L7 at No Values Festival and Jennifer Finch Photos

Hello All!

In conjunction with the NO VALUES Festival, I have created a limited edition (50) photozine of 10 images of bands that I photographed at the festival. Below is the text printed in the ‘zine and the images I chose.

The fanzine will be available for $25 at the Punk Rock and Paintbrushes booth. @punkrockandpaintbrushes

“No Values”

“NO VALUES: Select Images From the Collection of JENNIFER FINCH

My name is Jennifer Finch, and before I joined the band L7 in 1986, I was bopping around the Southern California punk, art, and queer scenes, with photography and image capture being my passion. It is without any loss of immense honor that I recognize the incredible rarity and significance of many of us being together (including you, dearest reader) to play the No Values festival. With that in mind I wante to pull togther some images from my archives in tribute to these musicians and the moments that we shared.

The photographs within these pages capture seminal performances from bands that have not only defined the punk genre but have also continued to influence music and culture for decades. My work features icons like Black Flag, Social Distortion, Bad Religion, The Vandals, The Damned, Suicidal Tendencies, L7, Adolescents, Sublime, Dead Kennedys, and many more. These images reflect back to a moment in time when these artists were breaking ground and radiating raw, unbridled energy that was just beginning to coalesce. This potent energy, much like the initial spark in a chain reaction, would fuel an explosive movement, reverberating through time and shaping, weaving and tearing at the very fabric culture.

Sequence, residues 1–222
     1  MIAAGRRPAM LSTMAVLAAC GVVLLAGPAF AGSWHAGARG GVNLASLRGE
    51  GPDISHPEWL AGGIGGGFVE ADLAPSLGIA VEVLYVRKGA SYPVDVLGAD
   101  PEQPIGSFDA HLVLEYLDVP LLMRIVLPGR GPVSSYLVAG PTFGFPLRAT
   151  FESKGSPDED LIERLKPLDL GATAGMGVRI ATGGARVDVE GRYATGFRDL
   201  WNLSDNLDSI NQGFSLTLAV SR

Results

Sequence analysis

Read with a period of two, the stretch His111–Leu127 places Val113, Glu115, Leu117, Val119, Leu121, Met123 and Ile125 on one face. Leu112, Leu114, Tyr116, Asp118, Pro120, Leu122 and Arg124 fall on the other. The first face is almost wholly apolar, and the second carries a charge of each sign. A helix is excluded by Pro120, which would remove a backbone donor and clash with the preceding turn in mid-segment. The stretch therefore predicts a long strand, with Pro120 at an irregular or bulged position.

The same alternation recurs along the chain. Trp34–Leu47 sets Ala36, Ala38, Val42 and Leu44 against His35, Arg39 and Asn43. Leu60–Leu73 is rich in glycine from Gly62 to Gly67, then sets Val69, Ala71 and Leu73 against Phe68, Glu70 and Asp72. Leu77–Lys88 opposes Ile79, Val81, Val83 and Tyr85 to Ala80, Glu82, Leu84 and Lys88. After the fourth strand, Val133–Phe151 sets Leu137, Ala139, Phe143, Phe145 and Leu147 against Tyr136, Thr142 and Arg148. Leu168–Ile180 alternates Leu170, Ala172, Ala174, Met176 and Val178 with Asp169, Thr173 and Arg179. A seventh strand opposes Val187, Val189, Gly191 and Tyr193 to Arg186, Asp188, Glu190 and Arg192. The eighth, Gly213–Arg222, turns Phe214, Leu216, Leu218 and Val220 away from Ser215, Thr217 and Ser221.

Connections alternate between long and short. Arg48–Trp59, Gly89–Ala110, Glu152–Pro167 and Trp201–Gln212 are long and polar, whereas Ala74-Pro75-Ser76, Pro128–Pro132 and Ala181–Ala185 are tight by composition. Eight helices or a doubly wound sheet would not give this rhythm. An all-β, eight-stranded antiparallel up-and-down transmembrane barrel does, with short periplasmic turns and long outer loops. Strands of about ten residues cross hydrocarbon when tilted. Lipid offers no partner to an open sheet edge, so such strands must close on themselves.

However, as a photographer, I am conflicted about sharing these works. particularly when it is in the context of how these artists show up in the present. The passage of time brings about inevitable comparisons between our younger selves and our current incarnations. These photographs, taken in the intensity of their formative years, starkly contrast with their present-day personas and performances. This dichotomy raises compelling questions about authenticity, evolution, and the preservation of punk’s raw ethos.

In exploring these images, we must also consider broader issues in media and cultural production. How does the documentation of a subculture affect its narrative? Does preserving these raw, youthful moments overshadow or diminish the value of the artists’ evolution and maturity? Furthermore, the intersection of nostalgia and commercialism within punk rock poses a paradox: can punk remain a rebellion to capitalistist dominance when it is so heavily archived and commodified?

This fanzine not only pays homage to the indelible impact these bands have had on the punk scene but also invites reflection on the complexities of growth, change, and the enduring power of music to transcend generations. As you flip through these pages, may you feel that energy of the past and appreciate the journey of punk rock from its messy roots to its influential present.

It blows me away that I will be sharing the stage today with so many of those I grew up with and photographed – it is almost unbelievable and it is my hope if you
picked up this work at the No Values festival

you, too, had a killer day basking
in the weird, strange world
we all live in together.

Jennifer Finch

In Love and GratitudeGOLDENVOICE, Paul Tollett, Gary Tovar and Rick Van Santen (in spirit and love). Punkrock and Paintbrushes, Emily Nielsen.

SPECIAL THANKS TO: Jack C Gregory, Matt Hutchinson
Dee Plakas, Suzi Gardner and Donita Sparks

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